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items tagged with Matt Damon

Vegas, baby! Vegas!: "Ocean's Thirteen," "Surf's Up," and "Mr. Brooks"
Written By: Mike Schulz
Section: Movies

Category: Reviews

2007-06-13 08:35:17

Matt Damon, George Clooney, and Brad Pitt in Ocean's 13OCEAN'S THIRTEEN

Memories of the meandering, tiresome, and ceaselessly smug Ocean's Twelve - Steven Soderbergh's first sequel to his 2001 heist flick Ocean's Eleven - were enough to make me leery about Ocean's Thirteen, and during the film's first reel, that feeling rarely subsided; it, too, seemed both simplistic and maddeningly convoluted, and inordinately pleased with itself from the get-go.


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"Girls" Power: “Dreamgirls” and “The Good Shepherd”
Written By: Mike Schulz
Section: Movies

Category: Reviews

2007-01-03 08:19:12

Anika Noni Rose, Beyonce Knowles, and Jennifer Hudson in DreamgirlsDREAMGIRLS

You may have heard that, in the middle of Bill Condon's Dreamgirls, former American Idol belter Jennifer Hudson lets loose with a power ballad that has the audience cheering and applauding at its finish. If the screening I attended is any indication, this rumor is untrue. The audience cheers and applauds the number way before Hudson's finale. And no one in their right mind could blame them.


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Hit the Road, Jack: “The Departed” and “The Texas Chainsaw Massacre: The Beginning”
Written By: Mike Schulz
Section: Movies

Category: Reviews

2006-10-11 04:38:41

Leonardo DiCaprio and Jack Nicholson in The DepartedTHE DEPARTED

Because Martin Scorsese's internal-affairs thriller The Departed is so colossally entertaining, so brimming with performance and filmmaking craft, I may as well get its major failing out of the way right off the bat: What the hell is Jack Nicholson doing here?


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For the Children, or Merely Childish?: "The Chronicles of Narnia: The Lion, the Witch, & the Wardrobe" and "Syriana"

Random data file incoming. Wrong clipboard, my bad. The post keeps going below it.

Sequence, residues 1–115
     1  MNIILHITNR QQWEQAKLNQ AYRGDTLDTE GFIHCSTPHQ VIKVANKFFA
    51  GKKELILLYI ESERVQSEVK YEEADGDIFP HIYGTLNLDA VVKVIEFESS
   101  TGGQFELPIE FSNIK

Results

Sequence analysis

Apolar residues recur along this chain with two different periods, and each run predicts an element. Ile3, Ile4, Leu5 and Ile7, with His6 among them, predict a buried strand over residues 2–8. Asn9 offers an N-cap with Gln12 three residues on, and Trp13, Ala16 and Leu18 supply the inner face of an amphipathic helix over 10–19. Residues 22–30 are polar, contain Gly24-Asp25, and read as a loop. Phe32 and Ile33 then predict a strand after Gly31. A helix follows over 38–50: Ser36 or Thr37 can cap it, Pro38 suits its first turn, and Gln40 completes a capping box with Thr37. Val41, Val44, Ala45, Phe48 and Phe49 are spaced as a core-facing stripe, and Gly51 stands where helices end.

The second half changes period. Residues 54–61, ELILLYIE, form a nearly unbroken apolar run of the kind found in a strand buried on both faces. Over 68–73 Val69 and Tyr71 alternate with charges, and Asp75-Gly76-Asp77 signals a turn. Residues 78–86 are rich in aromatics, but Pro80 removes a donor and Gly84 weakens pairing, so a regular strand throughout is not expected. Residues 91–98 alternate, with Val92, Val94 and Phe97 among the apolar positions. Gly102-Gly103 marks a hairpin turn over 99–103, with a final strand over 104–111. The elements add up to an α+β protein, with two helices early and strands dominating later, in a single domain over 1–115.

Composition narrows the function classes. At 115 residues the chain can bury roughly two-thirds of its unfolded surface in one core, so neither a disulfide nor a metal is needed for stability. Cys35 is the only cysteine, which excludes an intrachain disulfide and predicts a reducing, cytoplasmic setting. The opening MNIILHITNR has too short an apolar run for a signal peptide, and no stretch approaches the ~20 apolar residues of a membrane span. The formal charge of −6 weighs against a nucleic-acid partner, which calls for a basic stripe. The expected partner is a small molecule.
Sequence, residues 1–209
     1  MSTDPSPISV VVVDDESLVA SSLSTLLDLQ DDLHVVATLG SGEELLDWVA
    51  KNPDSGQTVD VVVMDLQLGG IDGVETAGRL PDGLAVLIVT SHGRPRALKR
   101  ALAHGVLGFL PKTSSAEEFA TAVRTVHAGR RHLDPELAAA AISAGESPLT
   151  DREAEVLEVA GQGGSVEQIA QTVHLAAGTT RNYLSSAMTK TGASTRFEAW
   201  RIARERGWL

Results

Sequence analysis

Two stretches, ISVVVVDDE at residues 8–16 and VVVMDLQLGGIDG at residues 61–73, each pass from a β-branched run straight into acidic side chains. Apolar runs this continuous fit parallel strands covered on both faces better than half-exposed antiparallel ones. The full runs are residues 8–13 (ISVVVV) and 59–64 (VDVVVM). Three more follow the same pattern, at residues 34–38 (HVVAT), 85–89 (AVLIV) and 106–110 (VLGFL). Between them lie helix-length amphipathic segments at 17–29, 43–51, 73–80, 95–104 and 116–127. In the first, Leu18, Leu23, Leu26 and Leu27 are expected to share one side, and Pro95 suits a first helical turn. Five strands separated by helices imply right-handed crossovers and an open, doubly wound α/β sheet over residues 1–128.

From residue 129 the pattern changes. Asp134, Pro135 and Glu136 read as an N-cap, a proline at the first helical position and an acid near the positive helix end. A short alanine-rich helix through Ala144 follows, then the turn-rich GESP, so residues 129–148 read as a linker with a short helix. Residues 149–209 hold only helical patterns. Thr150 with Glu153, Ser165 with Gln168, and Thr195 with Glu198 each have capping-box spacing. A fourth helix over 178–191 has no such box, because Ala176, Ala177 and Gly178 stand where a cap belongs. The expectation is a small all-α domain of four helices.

Written By: Mike Schulz
Section: Movies

Category: Reviews

2005-12-14 00:00:00

Tilda Swinton and Skandar Keynes in The Chronicles of Narnia: The Lion, the Witch, & the WardrobeTHE CHRONICLES OF NARNIA: THE LION, THE WITCH, & THE WARDROBE

The Chronicles of Narnia: The Lion, the Witch, & the Wardrobe, director Andrew Adamson’s imagining of the first book in C. S. Lewis’ Narnia series, is almost childishly clunky, but it’s nearly impossible to dislike. Geared, as it appears, toward a very young audience – I’d say seven or eight – the movie is sweet, and it’s sincere, and it displays a welcome touch of fairy-tale simplicity. Despite the rather prosaic nature of its presentation, Narnia is one of those movies that, if it catches children at the right age, might linger in their memories for some time to come; it’s just magical enough to suggest how magical it should have been. For kids who are finally seeing their beloved Narnia novel translated to the big screen, Adamson’s Narnia will be good enough. It just doesn’t have much to offer the rest of us. Adamson is co-director of the Shrek movies, and he does a fair enough job with the movie’s CGI wonders; the lion Messiah Aslan (voiced, to the surprise of no one, by Liam Neeson) moves with regal grace, and the beavers who accompany the Pevensie children on their quest seem to be, for kids in the audience, enjoyably frisky characters. But all throughout the film, I had the nagging feeling that, if he was allowed, Adamson would have happily computer-generated his humans, too.


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Gilliam’s "The Brothers Grimm" Not Grimm Enough
Written By: Mike Schulz
Section: Movies

Category: Reviews

2005-09-07 00:00:00

Heath Ledger and Matt Damon in The Brothers GrimmTHE BROTHERS GRIMM

Fairy tales, at their core, exert a powerful emotional pull, and at rare moments in Terry Gilliam’s The Brothers Grimm, the director finds a visual equivalent to their hypnotic, wicked appeal. In this typically unclassifiable Gilliam excursion, the first glimpse of Little Red Hiding Hood traipsing through the gloomy forest is enough to give any adult viewer a shiver. Gilliam frames her entrance, and the later arrival of Hansel and Gretel, with ominous portent, the colors – that cape and hood especially – are enticing, and the forest sets have a creepy, storybook elegance. For the briefest of moments, you’re a kid again, enraptured by the haunting, suggestive simplicity of these stories; our first sightings of Little Red, Hansel, and Gretel bring with them a spark of tingly joy.


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